JACK SPENCER: Beware of making the wrong diagnosis

Debate over why Romney lost the matters because he stood a good chance of winning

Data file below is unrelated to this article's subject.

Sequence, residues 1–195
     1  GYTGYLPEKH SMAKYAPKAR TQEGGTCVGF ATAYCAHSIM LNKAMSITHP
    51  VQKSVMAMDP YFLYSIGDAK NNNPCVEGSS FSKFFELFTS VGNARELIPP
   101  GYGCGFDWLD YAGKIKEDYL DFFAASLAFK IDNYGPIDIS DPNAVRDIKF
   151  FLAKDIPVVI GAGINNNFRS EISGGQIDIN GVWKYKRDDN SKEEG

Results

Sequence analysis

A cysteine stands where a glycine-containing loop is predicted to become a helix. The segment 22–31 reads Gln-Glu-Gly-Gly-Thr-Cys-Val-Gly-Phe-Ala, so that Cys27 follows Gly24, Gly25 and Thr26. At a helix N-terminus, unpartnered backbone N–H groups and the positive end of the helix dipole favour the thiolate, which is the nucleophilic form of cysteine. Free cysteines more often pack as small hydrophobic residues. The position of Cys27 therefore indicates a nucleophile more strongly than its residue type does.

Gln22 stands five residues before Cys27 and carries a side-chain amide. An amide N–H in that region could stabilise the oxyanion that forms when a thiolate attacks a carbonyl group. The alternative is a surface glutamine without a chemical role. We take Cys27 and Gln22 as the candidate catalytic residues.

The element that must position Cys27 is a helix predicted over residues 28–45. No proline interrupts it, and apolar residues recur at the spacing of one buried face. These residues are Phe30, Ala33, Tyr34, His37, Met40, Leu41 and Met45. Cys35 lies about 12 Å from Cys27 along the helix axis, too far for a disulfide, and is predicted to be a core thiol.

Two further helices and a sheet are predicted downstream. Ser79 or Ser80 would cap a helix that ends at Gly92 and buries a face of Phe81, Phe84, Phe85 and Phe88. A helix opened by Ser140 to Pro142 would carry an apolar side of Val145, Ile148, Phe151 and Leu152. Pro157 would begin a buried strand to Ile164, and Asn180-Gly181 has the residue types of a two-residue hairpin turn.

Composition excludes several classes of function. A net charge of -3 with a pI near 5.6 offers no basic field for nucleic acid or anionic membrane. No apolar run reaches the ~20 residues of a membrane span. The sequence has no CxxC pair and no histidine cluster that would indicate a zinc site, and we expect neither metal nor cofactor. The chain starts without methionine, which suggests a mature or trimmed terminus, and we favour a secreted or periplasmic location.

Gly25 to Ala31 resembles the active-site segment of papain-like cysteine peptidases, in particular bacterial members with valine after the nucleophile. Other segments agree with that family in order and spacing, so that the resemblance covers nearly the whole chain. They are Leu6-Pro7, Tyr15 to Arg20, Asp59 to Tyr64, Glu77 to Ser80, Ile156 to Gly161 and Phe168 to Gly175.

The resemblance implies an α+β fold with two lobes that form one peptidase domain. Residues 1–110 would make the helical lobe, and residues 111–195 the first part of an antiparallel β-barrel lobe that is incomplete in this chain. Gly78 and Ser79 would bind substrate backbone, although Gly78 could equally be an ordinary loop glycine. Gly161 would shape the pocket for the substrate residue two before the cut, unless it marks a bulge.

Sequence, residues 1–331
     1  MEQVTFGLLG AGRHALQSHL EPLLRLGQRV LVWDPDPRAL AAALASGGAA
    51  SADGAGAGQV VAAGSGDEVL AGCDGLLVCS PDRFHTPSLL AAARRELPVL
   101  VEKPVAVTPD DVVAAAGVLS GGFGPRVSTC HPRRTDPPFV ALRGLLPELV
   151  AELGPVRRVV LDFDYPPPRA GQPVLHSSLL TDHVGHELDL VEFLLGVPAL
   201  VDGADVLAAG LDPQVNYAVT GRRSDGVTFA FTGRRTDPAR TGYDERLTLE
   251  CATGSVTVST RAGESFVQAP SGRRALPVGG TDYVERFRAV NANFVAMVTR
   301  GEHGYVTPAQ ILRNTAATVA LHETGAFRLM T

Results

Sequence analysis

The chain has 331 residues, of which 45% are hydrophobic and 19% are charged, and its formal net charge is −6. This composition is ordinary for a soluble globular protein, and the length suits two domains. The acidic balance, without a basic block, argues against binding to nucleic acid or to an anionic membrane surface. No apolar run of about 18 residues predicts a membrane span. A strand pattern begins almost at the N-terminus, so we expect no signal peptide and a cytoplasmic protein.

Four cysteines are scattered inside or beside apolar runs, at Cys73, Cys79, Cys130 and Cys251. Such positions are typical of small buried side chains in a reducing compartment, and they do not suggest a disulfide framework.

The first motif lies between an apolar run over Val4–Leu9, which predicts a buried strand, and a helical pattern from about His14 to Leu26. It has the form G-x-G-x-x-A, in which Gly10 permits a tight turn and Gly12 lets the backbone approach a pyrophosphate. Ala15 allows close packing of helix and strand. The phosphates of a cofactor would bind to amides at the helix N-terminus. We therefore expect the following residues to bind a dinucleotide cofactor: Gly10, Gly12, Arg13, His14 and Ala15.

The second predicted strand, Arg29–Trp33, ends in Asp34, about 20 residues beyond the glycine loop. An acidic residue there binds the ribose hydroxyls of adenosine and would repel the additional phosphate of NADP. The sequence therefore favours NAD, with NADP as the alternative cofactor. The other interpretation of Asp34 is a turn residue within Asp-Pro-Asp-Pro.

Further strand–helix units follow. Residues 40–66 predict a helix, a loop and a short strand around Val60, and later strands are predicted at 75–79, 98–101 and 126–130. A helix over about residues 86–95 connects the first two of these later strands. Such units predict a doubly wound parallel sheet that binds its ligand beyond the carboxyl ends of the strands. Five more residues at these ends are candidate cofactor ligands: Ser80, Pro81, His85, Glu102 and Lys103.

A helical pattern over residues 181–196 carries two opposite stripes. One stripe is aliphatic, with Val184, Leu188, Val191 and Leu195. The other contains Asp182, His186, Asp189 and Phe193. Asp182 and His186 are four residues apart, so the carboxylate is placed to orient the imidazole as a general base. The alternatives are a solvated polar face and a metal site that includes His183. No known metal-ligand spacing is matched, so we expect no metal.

Numerous opinions are being voiced in the post election autopsy of Mitt Romney’s loss to President Barack Obama. This type of analysis always takes place after a presidential election. However, the discussion this year is especially pertinent. The debate over why Romney lost matters because he stood a good chance of winning. Under Obama the economy is weak, deficits are skyrocketing, his two stimulus packages were monumental flops and Obamacare remains unpopular. As stated in a previous article, Obama received less votes than former President George W. Bush got in 2004. That wasn’t a small amount, but after eight years of population growth, it shouldn’t have been enough to win if there had been a surge for change among the voters. However, the anti-Obama surge many conservatives foresaw didn’t develop. As usual, those in the mainstream news media offer the familiar diagnosis they always give when Republicans lose. Romney was somehow too conservative, they claim. But that’s a tough argument to back up this year. Nonetheless, we can bet a lot of GOP political advisors will grasp this explanation and hang onto it with a white knuckle grip. In reality it was exactly the type of election scenario GOP advisors who preach moderation should have loved. Here was a vulnerable liberal president facing a well-financed and TV-ready moderate Republican foe. Remember the formula for which these kinds of advisors advocate. They say the GOP candidate should run toward the middle and attract the “all important”  independent voters. Meanwhile, they figure conservatives will hold their noses and vote for the Republican, because they’ll basically have no other choice. This is a lousy, cynical approach to elections. It is based on a devaluation of the core principles the candidate is supposed to be standing up for in the first place. In addition, it attempts to replace the concept of inspiring voters with a dynamic that simply limits their options. But the one option this formula ignores is the voters’ option to refuse to participate at all. Well, this formula was tested in 2012 and was an abysmal failure. Romney did well with independents, however, he failed to attract many among the Republican base and others who just didn’t like Obama. These are the people who might have given Romney the election win. Instead, they gave Obama four more years in the White House by staying home on Election Day. Conservatives will argue that Romney was just too flawed. He wasn’t conservative enough. He ‘d held positions in his past that were distinctly not conservative. Therefore, they say, he couldn’t really be trusted. He didn’t offer the voters enough of a contrast. While all of these observations are true, they really don’t supply a satisfactory answer to the underlying issue. The simple fact is that in 2012, as in most election years, virtually everyone who jumped into the presidential race was a flawed candidate. Look at the field of GOP candidates who competed in the primaries. None of them fully fit the bill. As you review the field keep in mind that candidates need to be more than just a list of positions on issues. They also have to possess the ability to articulate their positions. Ronald Reagan not only held conservative views, he had the ability to express them in a way that attracted broad-based support. He had a vision of America he sold to the public. The closest Romney came to “selling a vision of America” was when he jumped on Obama’s “you didn’t build that” statement about building a business. Here Romney touched on the distinction between an America where individuals control their own destinies, as opposed to Obama’s more collectivist view. However, touching on a vision isn’t the same as fully expressing it. Romney never completed the full portrait. The way his campaign used Obama’s quote most likely appealed to entrepreneurs and independent business owners but not to the broader voter base. Romney’s campaign only scratched the surface of what a more fully developed vision could have accomplished. Reagan understood that virtually everyone, including thousands on government assistance and those stuck at lower income levels, would prefer to control their own destinies. He understood that perhaps the greatest frustration is the frustration that comes from not being able to fulfill one’s dreams. Reagan didn’t have this understanding as the result of focus groups or polling. He simply believed in the nobility of the human spirit. The real key to becoming the “great communicator” was Reagan’s ability to explain what most people already sensed deep down. When Reagan said government wasn’t the solution - it was the problem, he wasn’t just talking about budgets and tax rates. His message to voters was that government had nothing to offer that would fulfill their aspirations and dreams. In fact, he more than implied that an overreaching government tends to block the aspirations and dreams of individuals. Unlike Romney, Reagan used this message as the bedrock of his campaign. It wasn’t a topic that just happened to pop up because his opponent made an ill-advised statement. Amazingly, no candidate since Reagan has been willing to make use of this general appeal. It’s a powerful message because it’s rooted in basic truths. What’s more, it hearkens to the best within us all. Conservatives can’t just sit around waiting for another Ronald Reagan to come along. That might only happen about once every 50 years, if we’re lucky. It should also be remembered that - from the point of view of conservatives - Reagan had a very flawed past as well. His political philosophy evolved. At one time he was an outspoken liberal Democrat. A video of a campaign ad he did for Hubert Humphrey’s Senate campaign in the 1950s can be found on the Internet. Romney and many of the people connected with his campaign probably understand the dangers of big government and its corroding effect on individuals. What’s more, they probably agree with Reagan’s point of view on the subject. So, even as a flawed candidate, Romney could have revived Reagan’s vision and used it in its fullest form, as Reagan did. In the end, what Romney and every candidate since Reagan have lacked is Reagan’s innate belief in average Americans. They - led by teams of GOP advisors - haven’t had enough faith in the aspirations and dreams of their fellow countryman. Put bluntly, they’re too afraid the message would no longer resonate. This was the real significance of Romney’s awkward statement about the 47 percent of voters he couldn’t get - because they don’t pay Income tax. It didn’t cost him the election, as some have claimed, but it was symptomatic of the opportunity that keeps being missed. Average political campaigns look at elections in terms of voters being given promises, with each voting group wanting X,Y or Z. What gets lost is that the best promise to offer is one that awakens Americans to the promises that dwell within themselves. The essence of that promise is more liberty through less government. It’s a promise that appeals across the board, attracting many who don’t think of themselves as conservatives. It’s the most reliable way to reach the voters that most so-called political experts clearly under estimate and misunderstand.   Jack Spencer is Capitol Affairs Specialist for Capitol Confidential, an online newsletter associated with the Mackinac Center for Public Policy (MCPP). MCPP provides policy analysis. The political analysis represented in this column does not necessarily reflect the views of the Mackinac Center.